The/my first semester at our university is officially coming to an end. The last 5 months have certainly been a great learning experience for me.
Working full-time, or rather 8-5 took some getting used to. Not that I didn’t work full-time before – I often put in 12-hour days, and some days my last lesson of the day would finish as late as 10 p.m. But my schedule was fairly flexible and about half of my classes were with individual students. I would sometimes go shopping in the middle of the day, or have long leisurely lunch with my mom, or take a morning off to go run errands and have most of my lessons later on in the day.
Now I am teaching 20 hours a week, which isn’t much, until you add all the lesson preparation, meetings and paperwork to the equation and the day goes by pretty fast. Add to that the fact that I am teaching large groups of rambunctious students in their late teens and early twenties, and it’s pretty understandable why most nights we are in bed by 8.30 p.m. Not that I`m complaining – this is what it means to be a teacher in a prep program and there are a lot of great things about my job. Let me break it down into several parts:
1. My colleagues. As I mentioned in my earlier post, the staff at the School of Foreign Languages comprises around 60 teachers, around 15 of whom are foreign teachers (including me). I have been enjoying getting to know my colleagues, expats and Turks alike and have been learning loads from them. We had several outings together, which deserve a separate post. Here is a photo with 2 of my colleagues on the way to lunch.
And here is my spreading the joy to my colleagues with a backet of muffins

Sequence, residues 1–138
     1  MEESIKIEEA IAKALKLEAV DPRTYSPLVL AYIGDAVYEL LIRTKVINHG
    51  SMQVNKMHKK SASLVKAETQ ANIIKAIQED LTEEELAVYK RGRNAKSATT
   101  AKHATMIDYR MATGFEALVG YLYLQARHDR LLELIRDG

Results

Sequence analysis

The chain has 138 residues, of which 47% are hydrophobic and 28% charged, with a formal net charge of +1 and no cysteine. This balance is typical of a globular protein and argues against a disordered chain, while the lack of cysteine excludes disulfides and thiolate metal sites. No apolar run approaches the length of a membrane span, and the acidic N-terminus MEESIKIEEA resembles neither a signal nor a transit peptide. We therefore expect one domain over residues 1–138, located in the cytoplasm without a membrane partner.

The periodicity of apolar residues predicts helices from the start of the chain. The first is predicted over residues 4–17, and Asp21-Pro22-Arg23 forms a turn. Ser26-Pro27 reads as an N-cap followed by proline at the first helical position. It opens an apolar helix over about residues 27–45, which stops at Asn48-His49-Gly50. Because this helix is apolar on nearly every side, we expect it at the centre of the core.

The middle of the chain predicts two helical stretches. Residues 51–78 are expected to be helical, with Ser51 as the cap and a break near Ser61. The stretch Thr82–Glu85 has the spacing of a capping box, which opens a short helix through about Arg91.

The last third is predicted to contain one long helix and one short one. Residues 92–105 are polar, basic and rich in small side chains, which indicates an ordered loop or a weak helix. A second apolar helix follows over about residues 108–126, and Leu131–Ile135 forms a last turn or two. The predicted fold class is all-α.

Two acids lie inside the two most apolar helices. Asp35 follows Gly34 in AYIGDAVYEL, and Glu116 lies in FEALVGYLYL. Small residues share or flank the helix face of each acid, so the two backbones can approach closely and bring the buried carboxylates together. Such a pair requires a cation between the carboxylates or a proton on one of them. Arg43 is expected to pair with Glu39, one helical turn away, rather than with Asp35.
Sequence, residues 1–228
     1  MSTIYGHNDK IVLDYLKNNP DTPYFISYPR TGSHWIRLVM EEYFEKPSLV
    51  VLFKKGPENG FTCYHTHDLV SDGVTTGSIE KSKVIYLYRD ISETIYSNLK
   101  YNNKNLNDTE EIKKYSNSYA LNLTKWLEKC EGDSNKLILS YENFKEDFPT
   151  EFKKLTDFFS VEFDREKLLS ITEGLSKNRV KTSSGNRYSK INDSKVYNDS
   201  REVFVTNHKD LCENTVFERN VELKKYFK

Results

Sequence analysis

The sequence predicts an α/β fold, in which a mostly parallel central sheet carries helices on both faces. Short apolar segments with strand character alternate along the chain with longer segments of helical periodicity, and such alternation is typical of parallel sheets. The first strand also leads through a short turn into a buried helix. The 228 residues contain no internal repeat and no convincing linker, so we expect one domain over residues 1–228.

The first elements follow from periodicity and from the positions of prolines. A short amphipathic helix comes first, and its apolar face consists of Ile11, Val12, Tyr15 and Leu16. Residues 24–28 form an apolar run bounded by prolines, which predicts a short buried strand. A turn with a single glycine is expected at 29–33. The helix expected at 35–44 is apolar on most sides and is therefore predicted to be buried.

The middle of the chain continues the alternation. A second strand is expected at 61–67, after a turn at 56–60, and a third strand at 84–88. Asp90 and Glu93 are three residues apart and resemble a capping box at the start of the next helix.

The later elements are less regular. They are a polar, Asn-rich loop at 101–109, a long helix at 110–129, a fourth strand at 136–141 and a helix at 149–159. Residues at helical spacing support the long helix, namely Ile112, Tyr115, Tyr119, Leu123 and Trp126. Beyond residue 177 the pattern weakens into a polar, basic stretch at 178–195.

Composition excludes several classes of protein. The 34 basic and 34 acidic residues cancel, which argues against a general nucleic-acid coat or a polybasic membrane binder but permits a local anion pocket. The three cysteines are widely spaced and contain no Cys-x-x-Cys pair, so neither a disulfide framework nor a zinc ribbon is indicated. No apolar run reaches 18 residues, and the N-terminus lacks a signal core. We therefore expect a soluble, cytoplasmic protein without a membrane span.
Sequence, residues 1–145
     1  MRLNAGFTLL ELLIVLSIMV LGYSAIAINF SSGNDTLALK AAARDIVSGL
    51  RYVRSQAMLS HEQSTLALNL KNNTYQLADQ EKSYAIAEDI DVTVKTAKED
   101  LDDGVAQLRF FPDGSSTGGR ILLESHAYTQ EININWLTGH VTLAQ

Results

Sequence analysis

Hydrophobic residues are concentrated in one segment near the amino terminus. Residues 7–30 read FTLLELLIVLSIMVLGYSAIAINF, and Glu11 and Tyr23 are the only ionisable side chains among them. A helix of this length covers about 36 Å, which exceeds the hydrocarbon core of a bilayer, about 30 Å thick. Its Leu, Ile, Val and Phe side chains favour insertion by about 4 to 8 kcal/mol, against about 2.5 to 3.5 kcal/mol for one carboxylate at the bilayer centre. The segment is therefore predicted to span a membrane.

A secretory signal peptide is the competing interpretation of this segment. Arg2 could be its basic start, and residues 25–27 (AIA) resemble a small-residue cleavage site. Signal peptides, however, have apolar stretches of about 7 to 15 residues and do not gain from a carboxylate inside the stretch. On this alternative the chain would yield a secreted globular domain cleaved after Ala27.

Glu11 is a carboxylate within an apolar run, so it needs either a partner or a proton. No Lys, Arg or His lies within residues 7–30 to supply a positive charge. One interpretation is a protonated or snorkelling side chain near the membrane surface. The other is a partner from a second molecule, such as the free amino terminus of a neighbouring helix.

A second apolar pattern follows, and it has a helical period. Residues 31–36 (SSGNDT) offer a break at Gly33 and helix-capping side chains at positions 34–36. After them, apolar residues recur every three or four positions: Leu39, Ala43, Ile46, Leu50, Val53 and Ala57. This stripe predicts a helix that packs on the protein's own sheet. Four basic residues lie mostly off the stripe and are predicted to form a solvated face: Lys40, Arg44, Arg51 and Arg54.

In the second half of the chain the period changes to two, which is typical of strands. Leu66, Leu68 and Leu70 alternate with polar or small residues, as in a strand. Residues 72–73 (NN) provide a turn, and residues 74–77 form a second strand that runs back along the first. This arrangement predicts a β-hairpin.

2. Another thing I enjoy about my job is interactions with my students. Yes, teaching a group of 20 very young and quite spirited students is very different from teaching motivated and responsible adults; it’s at times trying and it has tested my patience to the limit quite on a few occasions, but that in itself is a good learning experience. I`m also learning loads about managing and motivating large groups. But sometimes it does feel like this:
One funny thing about teaching here is what the students call me. As I mentioned before, my Turkish students call me Teacher. Even when they are writing to me on Facebook (as in “Hi, Teacher, I like your picture”). So at the beginning of the second quarter, during the first class with a new group, I asked my new group to call my Yulia. One student raised a hand and asked me if they could call me “Sir”. Part of me wanted to say yes just for the fun of it. And it’s not an isolated incident, either. Now that my faculty (1st and 2nd year) students are handing in their final assignments, I get a lot of emails with requests and questions and quite a few call me sir. (“Thank you for approving my request, sir.”).
Yes, it’s this time of year:
Aside from sir, some of my prep school students also call me Mrs Yulia, Miss Yulia, Yulia Teacher and, 99% of the time, just Teacher.